Phew, what a week. Fears that there would be no 2019 Bordeaux campaign have been swept away in a deluge of releases, reaching a high-water mark last week.
Things started positively and, in retrospect, at a fairly sedate pace. Following Pontet Canet’s shrewd opening gambit on 28th May, Lafite followed suit with a similarly pitched offering. Although you could not call either a bargain, both look fair in the context of the wider market and instilled a tone of cautious expectancy.
Then came last week’s frenzy. Beychevelle, Angelus, Cheval Blanc and Leoville Poyferre on Monday, the Mouton stable (or pen?) on Tuesday, Lynch Bages and the Moueix wines on Wednesday, then Clarence Dillon (Haut-Brion) and Calon Segur on Thursday… to name but a few.
So, has Bordeaux secured a new lease of life or is the patient still under observation?
One trait which has resurfaced is the lemming-like tendency of chateaux to hurl themselves into the market at the same time. A customer, inbox presumably overflowing with offers, summed it up in a terse email – “Seems to be a lot of panic?”
Although nobody wants the campaign to take up the agonising two and a half months of some years, the other extreme is a stampede, in which only the strongest remain standing. That may offer a certain Darwinian simplicity but also betrays something of the desperation of the herd. It certainly makes for an intense working day. In the words of a fellow home-working colleague one mid-week morning, “I’ve got a headache already”.
As predicted, prices have been polarised into those below comparable back-vintages and those offering very little or no upside to consumers. Unsurprisingly, the former have been vastly oversubscribed whilst the latter have fallen flat.
30% price-cuts versus last year have broadly worked well, although the actual test is where that places 2019 alongside physically available vintages (notably 2018, 2016 and 2015, but also 2010, 2009 and 2005).
Mouton was the buy of the week, outshining its Rothschild sibling Lafite. Lynch Bages and Leoville Poyferre also succeeded, whilst Calon-Segur was snapped up. Perhaps the surprise of the week was a compellingly priced Cheval Blanc, a rare filly but a welcome one.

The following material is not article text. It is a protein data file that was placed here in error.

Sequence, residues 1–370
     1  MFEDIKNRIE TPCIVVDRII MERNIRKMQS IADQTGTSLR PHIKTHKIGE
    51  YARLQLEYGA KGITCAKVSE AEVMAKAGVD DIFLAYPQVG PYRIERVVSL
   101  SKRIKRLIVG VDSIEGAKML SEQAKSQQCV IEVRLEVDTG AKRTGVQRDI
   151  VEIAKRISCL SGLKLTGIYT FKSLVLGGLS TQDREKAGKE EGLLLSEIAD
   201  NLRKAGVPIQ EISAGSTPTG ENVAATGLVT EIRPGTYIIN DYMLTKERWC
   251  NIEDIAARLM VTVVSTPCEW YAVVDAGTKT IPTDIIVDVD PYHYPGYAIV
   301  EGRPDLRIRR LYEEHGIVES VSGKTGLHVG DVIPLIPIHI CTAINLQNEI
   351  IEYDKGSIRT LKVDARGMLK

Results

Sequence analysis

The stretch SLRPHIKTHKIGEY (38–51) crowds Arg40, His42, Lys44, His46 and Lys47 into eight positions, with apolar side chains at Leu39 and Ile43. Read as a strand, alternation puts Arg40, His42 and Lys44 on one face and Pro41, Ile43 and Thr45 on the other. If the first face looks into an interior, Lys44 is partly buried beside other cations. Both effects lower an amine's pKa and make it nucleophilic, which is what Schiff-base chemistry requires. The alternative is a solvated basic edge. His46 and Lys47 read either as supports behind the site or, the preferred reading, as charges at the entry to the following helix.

Overall, more pleasant surprises than heads-in-hands moments. The general feeling from customers is one of cautious optimism that Bordeaux may finally be willing to engage with en primeur. There is still demand for Bordeaux at the right price. We knew it.
Now here comes the but…
But how much?
Less positively, the volume of wine released has been very low in places, which is frustrating with so many players in competition. This remains a massively time-consuming exercise, for relatively little return. Rather more importantly, missing out on wine after wine really irritates customers…
Although thankfully we have not seen a return of the cynical ‘tranching’ of successively dearer micro-releases, any praise for pricing must be qualified with the lament that so little wine has made it to market. We are not the only merchant who could have sold the more successful wines many times over. The supply chain is not the PR arm of the chateaux.
Tasting – that small detail
There remains more than a whiff of the ridiculous about a campaign where so few have even tasted the wines. We have tasted perhaps more than most, but only because we went to great lengths to get to Bordeaux for a day and to arrange for more samples to be sent to us.
As Antonio Galloni said on his forum, “I will tell you what is frustrating. The Bordelais being indecisive, then deciding very quickly that there was going to be a campaign, then shipping hundreds of bottles to critics all over the world and expecting notes overnight.” This was bad planning on the part of Bordeaux, which can only partly be excused on the basis of Covid.
So what now?
We still await some big names, including the remaining first growth Margaux and its neighbour Rauzan-Segla. Both are slated for next week, along with right bank luminaries Canon, Figeac and La Conseillante, as well as solid favourites Leoville and Langoa Barton. Another busy week in short.
Is it a sprint or a marathon? We’re not sure any more, but there is plenty of action to come. All releases are listed here, with notes for those we have tasted.
Article By Guy Seddon – Fine Wine Buyer at Corney & Barrow